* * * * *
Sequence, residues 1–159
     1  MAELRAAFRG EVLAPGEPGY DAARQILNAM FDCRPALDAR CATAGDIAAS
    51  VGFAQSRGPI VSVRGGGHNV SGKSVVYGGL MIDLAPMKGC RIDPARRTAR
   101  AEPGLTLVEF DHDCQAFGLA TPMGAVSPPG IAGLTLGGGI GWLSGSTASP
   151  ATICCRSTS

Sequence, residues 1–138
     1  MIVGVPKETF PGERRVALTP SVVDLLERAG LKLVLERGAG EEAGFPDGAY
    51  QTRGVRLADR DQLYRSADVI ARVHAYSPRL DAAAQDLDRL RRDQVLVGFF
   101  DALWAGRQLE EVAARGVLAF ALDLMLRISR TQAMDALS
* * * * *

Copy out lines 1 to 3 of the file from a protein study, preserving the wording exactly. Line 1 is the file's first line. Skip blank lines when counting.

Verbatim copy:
Sequence, residues 1–159
     1  MAELRAAFRG EVLAPGEPGY DAARQILNAM FDCRPALDAR CATAGDIAAS
    51  VGFAQSRGPI VSVRGGGHNV SGKSVVYGGL MIDLAPMKGC RIDPARRTAR